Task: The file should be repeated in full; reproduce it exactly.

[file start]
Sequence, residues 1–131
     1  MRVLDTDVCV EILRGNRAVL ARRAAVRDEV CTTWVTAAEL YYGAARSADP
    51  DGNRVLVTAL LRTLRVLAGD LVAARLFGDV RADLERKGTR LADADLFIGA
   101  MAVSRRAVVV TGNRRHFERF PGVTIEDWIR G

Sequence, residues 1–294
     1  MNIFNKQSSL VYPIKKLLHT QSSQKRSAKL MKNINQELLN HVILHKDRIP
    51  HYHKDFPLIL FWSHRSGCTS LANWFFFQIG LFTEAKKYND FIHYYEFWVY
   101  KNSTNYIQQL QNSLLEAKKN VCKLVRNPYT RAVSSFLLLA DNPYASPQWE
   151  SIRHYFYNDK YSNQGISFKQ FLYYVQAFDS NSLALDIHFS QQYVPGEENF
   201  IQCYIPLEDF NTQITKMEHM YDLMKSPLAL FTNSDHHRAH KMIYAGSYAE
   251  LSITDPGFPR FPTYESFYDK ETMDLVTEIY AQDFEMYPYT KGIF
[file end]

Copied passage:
Sequence, residues 1–131
     1  MRVLDTDVCV EILRGNRAVL ARRAAVRDEV CTTWVTAAEL YYGAARSADP
    51  DGNRVLVTAL LRTLRVLAGD LVAARLFGDV RADLERKGTR LADADLFIGA
   101  MAVSRRAVVV TGNRRHFERF PGVTIEDWIR G

Sequence, residues 1–294
     1  MNIFNKQSSL VYPIKKLLHT QSSQKRSAKL MKNINQELLN HVILHKDRIP
    51  HYHKDFPLIL FWSHRSGCTS LANWFFFQIG LFTEAKKYND FIHYYEFWVY
   101  KNSTNYIQQL QNSLLEAKKN VCKLVRNPYT RAVSSFLLLA DNPYASPQWE
   151  SIRHYFYNDK YSNQGISFKQ FLYYVQAFDS NSLALDIHFS QQYVPGEENF
   201  IQCYIPLEDF NTQITKMEHM YDLMKSPLAL FTNSDHHRAH KMIYAGSYAE
   251  LSITDPGFPR FPTYESFYDK ETMDLVTEIY AQDFEMYPYT KGIF